I was curious. Is a person’s ability to solve coding algorithms deeply related to a persons skill level and understanding of the language? I was going through some of the algorithms, and although i would have the idea of how the pseudo code would go–due to the lack of my skill in JS i wasn’t really able to convey those thoughts in clear code to come to a viable and passable conclusion. Also, when you are unable to answer an algorithm, what is the best practice? Should you try to continue thinking it through? Should you look for the methods that you think would help you solve the problem? Should you use the peak function? Sorry I just want to ensure that I’m learning this as it’s intended, and which will be most beneficial to me in the future.
Well, you’re likely to end up with progressively better/more efficient/more elegant solutions the more you know of the language, but they’re not necessarily related to advanced technical knowledge re the language (JS in this case).
They are, though, a way for you to exercise and build up your knowledge of programming techniques via very small, isolated challenges. First time out, maybe you get completely stuck, so you look up how someone else has done it - that’s going to be totally fine as long as understand how that solution works; you’re going to absorb that knowledge so you can use it next time you encounter something similar. Then later on, maybe you learn something new about the language - you can go back and refactor the original solution using that knowledge. Or you finally understand some mathematical method (like say Sieve of Erastothenes for finding primes), so you figure out how to write that in code and refactor your solution. Maybe you realise that is inefficient - second time you did it, that wasn’t an issue, you just wanted to get it finished, but now you can redo it, modify the code so it works better.
Use them as a jumping-off point for learning techniques/methods/general programming ideas/language-specific features.
Always try to break the problem down into the smallest, simplest constituent parts - this is what I mean by not necessarily needing advanced technical knowledge, it’s more about understanding what the problem is and how to turn that into a collection of tiny, easily-solved problems, then composing those solutions back together.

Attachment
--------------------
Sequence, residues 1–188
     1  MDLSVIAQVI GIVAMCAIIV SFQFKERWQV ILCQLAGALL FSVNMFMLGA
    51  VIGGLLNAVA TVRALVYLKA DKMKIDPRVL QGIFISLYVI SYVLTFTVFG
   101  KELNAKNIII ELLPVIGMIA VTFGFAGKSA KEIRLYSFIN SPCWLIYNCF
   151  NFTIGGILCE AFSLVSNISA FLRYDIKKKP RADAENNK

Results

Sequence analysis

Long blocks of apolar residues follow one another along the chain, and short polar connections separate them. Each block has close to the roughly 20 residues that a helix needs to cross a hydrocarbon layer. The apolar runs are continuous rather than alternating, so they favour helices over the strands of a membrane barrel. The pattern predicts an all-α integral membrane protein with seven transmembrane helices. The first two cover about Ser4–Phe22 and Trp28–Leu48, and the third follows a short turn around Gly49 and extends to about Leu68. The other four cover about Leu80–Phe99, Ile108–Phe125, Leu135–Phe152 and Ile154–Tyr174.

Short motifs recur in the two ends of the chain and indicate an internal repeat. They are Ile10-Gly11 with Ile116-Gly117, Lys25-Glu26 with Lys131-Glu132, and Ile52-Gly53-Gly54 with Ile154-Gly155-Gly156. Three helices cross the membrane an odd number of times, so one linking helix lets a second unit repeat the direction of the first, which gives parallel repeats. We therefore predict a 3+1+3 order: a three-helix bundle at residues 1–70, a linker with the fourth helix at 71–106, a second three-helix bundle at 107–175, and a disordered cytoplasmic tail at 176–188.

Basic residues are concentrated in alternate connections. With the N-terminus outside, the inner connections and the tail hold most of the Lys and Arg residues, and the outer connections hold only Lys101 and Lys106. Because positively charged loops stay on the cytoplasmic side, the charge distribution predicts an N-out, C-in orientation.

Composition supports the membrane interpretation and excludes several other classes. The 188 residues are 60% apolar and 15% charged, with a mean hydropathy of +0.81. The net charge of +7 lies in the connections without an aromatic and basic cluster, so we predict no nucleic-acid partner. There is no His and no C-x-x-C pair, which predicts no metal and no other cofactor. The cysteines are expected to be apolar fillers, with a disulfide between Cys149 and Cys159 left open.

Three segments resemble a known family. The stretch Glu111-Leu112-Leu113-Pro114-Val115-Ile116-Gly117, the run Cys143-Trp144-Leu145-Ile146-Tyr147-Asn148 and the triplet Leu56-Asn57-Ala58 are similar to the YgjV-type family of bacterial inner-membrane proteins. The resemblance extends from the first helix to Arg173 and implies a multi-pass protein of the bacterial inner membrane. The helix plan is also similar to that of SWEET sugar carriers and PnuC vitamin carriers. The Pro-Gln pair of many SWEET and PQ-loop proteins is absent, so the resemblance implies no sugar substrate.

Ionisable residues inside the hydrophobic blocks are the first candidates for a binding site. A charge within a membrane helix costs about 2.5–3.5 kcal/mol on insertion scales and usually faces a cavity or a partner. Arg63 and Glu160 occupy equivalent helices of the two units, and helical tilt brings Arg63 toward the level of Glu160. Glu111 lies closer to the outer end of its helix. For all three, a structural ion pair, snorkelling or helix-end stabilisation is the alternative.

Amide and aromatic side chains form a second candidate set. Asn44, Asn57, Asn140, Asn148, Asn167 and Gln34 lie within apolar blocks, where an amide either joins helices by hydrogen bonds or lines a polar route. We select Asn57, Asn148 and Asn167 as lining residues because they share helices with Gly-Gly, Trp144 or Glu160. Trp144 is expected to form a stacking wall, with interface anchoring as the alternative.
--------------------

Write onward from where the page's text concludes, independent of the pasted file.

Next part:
Yes, look for methods that you think would help, use MDN constantly, learn to read the documentation.
One thing I’ve found always found invaluable when learning these things is http://www.rosettacode.org/wiki/Rosetta_Code, which is a huge collection of solutions to small programming tasks in different languages. If you use it, don’t just look at JS solutions - Python solutions, for example, translate pretty well across to JS - it’ll be gibberish at first but you’ll pretty quickly be able to start to see things that map across language boundaries.
Wikipedia is generally very good on logic/mathematical algorithms, and quite often has pseudocode (or often Python) examples. I’m prettyy awful at maths, so my technique has normally been look up stuff on Wikipedia, then start googling for other people’s programmed solutions - Stack Overflow is great in this regard.
As an example, when I’m learning a new language or trying to get back into an existing one, I try to go through the problems on http://exercism.io/, which is a set of problems like the FCC ones, I’ve redone some of them tens of times, just gone back and forth looking for better solutions.
Thanks so much for these resources and your input on this. It’s something that kind of annoys me because a lot of things come to me quite well, however I just want to make sure that it’s supposed to be as challenging as it is lol. I really appreciate your help Dan
Looking through and uderstanding string, array, and object methods will give you a lot of the tools required for these algorithms eg filter, reduce … you can do an awful lot with the methods for string,arrays and objects
I finished all the algorithms using all of the above … nothing fancy … and while most of them I am happy with a few are a bit drawn out. after I finished i would look at solutions to compare mine against … and would feel a bit envious of how the solutions shown are done … but mine work, I learnt a lot while doing them and I can work towards improving them.
So keep the code simple even if it is a bit longer than the solution shown… you can always look back later and see can you improve on them … I do this now and again when i need a change … in fact at the moment im converting them to python to learn how to use python lol
So in a certain sense, algorithms also help you realize that you’re not going to know everything, but promote research as a method to solve the problem. Thank you, I’ll apply this approach to algorithms I’ll learn from that!